Setting up and building on the so-called Northern Distribution Network has helped save time and money in supporting combat operations in Afghanistan, Gen. Duncan McNabb, US Transportation Command boss, said Friday. As of mid 2010, an average of 574 20-foot-equivalent units of cargo travelled weekly into Afghanistan along NDN routes, he told attendees at AFA’s Air Warfare Symposium in Orlando, Fla. These routes stretch from the Baltic and Caspian ports through Russia and the Central Asian republics into Afghanistan. On any given week, some 10,326 containers are on the network on their way, he said. These transit routes, which are utilized primarily by commercial carriers, now carry about 35 percent of the cargo entering Afghanistan, he said. Combining the NDN with other routes has helped relieve some of the stress and risk of relying on more volatile land routes through Pakistan, through which about 35 percent of Afghan-bound cargo transits. That’s down from about 50 percent last spring. Airlifting materiel into Afghanistan has risen in that time, going from 20 percent last spring to 30 percent this past fall, said McNabb.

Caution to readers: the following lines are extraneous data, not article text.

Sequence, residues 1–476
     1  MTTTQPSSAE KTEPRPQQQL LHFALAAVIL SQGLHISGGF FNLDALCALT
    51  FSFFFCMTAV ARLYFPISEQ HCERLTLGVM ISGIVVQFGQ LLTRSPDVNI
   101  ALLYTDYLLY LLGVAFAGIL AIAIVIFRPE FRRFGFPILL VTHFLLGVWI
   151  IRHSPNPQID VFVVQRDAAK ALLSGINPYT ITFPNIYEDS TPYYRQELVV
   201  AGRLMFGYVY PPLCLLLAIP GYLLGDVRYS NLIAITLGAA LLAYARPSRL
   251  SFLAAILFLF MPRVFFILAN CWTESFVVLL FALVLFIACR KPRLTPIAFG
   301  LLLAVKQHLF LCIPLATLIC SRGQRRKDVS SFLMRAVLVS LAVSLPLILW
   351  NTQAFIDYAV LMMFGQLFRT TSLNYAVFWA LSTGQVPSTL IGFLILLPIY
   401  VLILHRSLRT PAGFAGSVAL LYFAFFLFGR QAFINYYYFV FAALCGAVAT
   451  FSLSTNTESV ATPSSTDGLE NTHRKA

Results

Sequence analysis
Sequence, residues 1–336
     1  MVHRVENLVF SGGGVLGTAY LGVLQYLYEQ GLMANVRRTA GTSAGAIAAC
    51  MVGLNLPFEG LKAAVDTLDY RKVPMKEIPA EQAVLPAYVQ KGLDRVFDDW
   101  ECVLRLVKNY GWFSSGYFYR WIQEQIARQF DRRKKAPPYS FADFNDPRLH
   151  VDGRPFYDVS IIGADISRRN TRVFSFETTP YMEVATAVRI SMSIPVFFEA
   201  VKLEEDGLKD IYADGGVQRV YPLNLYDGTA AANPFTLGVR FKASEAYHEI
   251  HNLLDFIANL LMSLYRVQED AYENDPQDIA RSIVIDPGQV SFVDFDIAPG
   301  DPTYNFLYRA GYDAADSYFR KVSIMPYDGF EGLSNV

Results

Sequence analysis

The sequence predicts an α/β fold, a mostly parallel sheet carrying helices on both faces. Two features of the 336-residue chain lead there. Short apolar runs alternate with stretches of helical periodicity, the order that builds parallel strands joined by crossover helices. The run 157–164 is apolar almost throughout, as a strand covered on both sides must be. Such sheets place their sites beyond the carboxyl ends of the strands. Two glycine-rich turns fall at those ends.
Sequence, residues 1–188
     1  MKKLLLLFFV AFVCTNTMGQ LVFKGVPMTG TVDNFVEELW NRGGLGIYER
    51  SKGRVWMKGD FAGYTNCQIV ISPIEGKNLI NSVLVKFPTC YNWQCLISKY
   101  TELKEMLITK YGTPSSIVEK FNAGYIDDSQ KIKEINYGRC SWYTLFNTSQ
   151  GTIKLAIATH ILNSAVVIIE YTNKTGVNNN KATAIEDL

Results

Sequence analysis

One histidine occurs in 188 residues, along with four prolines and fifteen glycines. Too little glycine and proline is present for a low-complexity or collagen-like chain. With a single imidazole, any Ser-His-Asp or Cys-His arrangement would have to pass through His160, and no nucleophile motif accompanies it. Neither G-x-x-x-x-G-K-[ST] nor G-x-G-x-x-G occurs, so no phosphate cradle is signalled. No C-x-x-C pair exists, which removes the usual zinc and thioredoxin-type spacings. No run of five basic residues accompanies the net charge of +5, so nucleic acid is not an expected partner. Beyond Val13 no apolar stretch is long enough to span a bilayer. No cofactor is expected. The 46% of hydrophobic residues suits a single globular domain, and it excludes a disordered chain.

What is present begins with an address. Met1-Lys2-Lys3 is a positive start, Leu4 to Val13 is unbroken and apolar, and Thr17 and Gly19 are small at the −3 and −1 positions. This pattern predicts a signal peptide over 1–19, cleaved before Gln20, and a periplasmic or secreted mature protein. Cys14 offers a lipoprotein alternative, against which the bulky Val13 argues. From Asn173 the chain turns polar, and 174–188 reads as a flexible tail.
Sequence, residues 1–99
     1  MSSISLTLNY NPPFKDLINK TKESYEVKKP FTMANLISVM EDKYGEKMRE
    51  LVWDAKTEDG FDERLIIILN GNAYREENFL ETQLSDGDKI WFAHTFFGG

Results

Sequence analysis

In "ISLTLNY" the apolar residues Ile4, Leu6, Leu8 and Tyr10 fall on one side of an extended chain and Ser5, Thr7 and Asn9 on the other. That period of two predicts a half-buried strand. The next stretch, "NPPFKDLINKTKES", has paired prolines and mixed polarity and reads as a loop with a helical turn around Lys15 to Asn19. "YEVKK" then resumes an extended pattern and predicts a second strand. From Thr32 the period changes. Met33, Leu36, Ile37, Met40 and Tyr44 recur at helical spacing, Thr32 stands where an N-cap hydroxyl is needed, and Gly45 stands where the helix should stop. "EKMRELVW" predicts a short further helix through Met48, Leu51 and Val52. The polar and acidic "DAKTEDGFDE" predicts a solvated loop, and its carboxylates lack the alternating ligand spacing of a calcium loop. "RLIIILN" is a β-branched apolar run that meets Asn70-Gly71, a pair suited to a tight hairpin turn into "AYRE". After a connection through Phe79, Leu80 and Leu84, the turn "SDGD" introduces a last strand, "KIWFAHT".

Unlike nearly every other innovative technology throughout history, Maj. Gen. DeAnna M. Burt believes the space enterprise emerged backward. “Every other domain started with an entrepreneur who built something,” Burt, the special assistant to the Chief of Space Operations, told an audience at AFA’s Air, Space & Cyber Conference.